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Integrating Nessus with BackTrack 5's Tools

BackTrack 5, code name "Revolution", is a very popular Linux distribution used primarily for penetration testing. It contains a lot of different tools for scanning, testing, and exploiting everything from web applications to wireless networks. Since the creators of BackTrack 5 included such a vast array of tools, I thought it would be interesting to show how some of those tools can be integrated with your Nessus server to extend functionality and import results.

Importing Nmap Results

There are many occasions where Nmap is used to scan specific hosts or a large network of hosts. The XML results from Nmap can be imported into Nessus and used as the basis for vulnerability scanning. If you are going to use Nmap results this way, you can disable Nessus's built-in port scanners and host identification functionality, relying solely on your Nmap results to perform the scan:

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Next you will need to download the "nmapxml.nasl" script from the Tenable web site to your plugins directory:

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Next, re-index the plugins and restart Nessus, which will allow the new plugin to be read and show up in the "Preferences" tab:

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Once Nessus has restarted, you can import Nmap XML results using the following configuration screen:

Nmap-Import.png

For more information, see the article Using Nmap Within Nessus and the blog post Plugin Spotlight: Import Nmap XML Results Into Nessus.

When using this configuration, keep in mind that Nessus will only test the hosts and services reported by Nmap, even if you've specified additional targets when creating the scan.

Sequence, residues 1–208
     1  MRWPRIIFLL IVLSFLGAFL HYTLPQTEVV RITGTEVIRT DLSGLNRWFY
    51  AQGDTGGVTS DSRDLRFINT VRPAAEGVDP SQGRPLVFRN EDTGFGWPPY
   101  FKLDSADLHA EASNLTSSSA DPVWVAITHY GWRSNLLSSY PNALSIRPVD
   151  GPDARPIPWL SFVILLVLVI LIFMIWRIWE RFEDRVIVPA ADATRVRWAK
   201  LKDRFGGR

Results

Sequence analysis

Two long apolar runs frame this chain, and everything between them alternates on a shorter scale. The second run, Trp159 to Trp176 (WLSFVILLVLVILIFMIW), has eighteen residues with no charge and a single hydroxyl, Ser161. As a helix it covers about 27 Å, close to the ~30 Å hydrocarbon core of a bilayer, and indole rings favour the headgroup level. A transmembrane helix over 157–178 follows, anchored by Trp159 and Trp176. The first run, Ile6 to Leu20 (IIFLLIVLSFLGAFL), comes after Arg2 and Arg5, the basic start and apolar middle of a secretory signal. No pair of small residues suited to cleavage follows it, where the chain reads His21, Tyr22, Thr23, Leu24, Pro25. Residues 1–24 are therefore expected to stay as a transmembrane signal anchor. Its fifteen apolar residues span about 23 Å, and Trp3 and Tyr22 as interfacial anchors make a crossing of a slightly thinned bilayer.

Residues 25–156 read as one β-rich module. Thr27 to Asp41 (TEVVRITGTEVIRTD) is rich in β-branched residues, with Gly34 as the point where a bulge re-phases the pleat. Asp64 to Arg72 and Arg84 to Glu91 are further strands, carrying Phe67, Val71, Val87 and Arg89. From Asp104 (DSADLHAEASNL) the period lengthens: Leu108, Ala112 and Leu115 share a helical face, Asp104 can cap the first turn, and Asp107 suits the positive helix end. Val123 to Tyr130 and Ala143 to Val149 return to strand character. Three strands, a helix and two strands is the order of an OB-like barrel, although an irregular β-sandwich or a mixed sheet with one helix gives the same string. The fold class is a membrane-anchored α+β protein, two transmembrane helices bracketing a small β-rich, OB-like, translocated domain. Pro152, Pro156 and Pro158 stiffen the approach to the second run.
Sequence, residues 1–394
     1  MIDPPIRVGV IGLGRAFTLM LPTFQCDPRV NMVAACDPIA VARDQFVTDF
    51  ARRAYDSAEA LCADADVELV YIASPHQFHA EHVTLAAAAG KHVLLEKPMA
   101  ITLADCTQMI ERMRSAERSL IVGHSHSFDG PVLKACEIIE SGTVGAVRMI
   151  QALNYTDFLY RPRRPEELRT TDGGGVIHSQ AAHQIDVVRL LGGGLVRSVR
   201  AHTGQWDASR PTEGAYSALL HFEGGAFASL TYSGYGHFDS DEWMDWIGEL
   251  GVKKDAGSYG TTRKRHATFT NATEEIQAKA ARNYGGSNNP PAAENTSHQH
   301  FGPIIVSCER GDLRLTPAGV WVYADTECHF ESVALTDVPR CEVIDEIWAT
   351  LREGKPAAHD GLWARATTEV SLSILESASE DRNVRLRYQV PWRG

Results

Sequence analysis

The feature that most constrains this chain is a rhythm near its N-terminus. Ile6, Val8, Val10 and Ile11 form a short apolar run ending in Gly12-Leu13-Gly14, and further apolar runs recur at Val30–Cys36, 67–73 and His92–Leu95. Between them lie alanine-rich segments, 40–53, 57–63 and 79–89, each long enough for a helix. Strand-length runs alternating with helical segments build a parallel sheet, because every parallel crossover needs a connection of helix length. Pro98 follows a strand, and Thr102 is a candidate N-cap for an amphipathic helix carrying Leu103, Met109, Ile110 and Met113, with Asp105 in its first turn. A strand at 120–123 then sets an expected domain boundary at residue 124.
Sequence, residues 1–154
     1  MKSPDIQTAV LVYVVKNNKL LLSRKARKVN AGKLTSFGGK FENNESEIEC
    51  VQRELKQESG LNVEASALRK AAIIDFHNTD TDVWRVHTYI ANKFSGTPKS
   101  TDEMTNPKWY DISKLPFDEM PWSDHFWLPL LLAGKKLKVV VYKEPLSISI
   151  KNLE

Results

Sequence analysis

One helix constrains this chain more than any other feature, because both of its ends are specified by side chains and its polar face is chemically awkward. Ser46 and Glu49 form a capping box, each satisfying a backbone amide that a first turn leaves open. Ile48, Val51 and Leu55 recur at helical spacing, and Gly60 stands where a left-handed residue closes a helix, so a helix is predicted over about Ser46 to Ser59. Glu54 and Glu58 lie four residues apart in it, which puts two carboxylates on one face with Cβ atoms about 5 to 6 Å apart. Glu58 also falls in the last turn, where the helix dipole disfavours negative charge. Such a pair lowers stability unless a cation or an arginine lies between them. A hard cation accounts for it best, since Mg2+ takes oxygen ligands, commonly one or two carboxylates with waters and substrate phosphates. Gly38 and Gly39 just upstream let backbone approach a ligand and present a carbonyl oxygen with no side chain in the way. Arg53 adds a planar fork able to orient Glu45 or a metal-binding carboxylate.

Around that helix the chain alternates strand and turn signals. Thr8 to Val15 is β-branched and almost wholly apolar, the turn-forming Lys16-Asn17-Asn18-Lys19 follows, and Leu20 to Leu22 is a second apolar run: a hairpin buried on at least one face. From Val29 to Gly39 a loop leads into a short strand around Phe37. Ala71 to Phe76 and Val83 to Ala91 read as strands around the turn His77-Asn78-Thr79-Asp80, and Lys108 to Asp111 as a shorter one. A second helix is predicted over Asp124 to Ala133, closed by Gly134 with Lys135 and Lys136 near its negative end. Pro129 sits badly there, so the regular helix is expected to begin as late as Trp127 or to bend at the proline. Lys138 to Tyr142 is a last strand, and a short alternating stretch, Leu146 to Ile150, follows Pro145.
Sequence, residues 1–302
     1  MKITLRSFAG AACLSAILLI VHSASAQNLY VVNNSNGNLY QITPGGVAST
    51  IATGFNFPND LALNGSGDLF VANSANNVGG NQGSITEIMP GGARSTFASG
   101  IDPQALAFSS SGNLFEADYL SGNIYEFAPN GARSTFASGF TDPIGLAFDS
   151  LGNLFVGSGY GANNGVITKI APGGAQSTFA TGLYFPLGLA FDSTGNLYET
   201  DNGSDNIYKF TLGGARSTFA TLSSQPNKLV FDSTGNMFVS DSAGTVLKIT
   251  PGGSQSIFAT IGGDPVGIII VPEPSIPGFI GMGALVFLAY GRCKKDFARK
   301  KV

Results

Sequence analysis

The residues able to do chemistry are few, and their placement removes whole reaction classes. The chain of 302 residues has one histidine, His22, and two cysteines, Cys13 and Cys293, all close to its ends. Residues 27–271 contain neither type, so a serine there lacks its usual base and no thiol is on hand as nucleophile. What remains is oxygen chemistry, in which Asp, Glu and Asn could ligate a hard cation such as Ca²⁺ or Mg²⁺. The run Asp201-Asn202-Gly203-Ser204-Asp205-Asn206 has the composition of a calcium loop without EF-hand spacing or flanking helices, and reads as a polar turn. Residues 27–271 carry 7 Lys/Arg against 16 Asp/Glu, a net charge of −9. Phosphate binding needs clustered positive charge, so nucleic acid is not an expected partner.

Enabling Nikto

Nikto is a web application scanning tool that searches for misconfigurations, openly accessible web directories and a host of web application vulnerabilities. You can download Nikto from the CIRT web site. The first step to enable Nikto is to modify "/pentest/web/nikto/nikto.pl" and change the "configfile" variable to "/pentest/web/nikto/nikto.conf":

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This allows you to run the "nikto.pl" command from outside of the /pentest/web/nikto directory. Next, add "/pentest/web/nikto" to the system path:

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This will update the path for all services run on the host, which means when you start Nessus, nikto.pl will be in the path. The final step is to re-index the Nessus plugins (/opt/nessus/sbin/nessusd -y) and restart the Nessus service (/etc/init.d/nessusd restart). When you configure a policy, Nikto will be available in the preferences:

nikto-nessus-sm.png
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Using Hydra

Hydra is already installed in the system path, which means it is available to Nessus "out-of-the-box" in BackTrack 5. Menu options to configure Hydra exists in the Nessus preferences when a policy is configured:

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You will need to supply your own username and password dictionaries. You can find some sample word dictionaries in the "/pentest/dictionaries" directory on the BackTrack 5 distribution. Be certain that you check "Always enable Hydra (slow)" in the Nessus configuration or Hydra will not run.

Conclusion

BackTrack 5 will save you some time by including all of the popular tools by default, which is quicker than downloading, installing and configuring all the tools yourself. Extending Nessus scans can come in handy when performing targeted scans against a small number of hosts. Use caution when enabling Nikto and Hydra to run scans against large networks, as they will add time to your scans. As for Nmap results, sometimes other people will run Nmap scans and want to enumerate vulnerabilities, and other times you may run Nmap yourself and decide later that a vulnerability scan is required, so the ability to import the results avoids duplication of effort.

References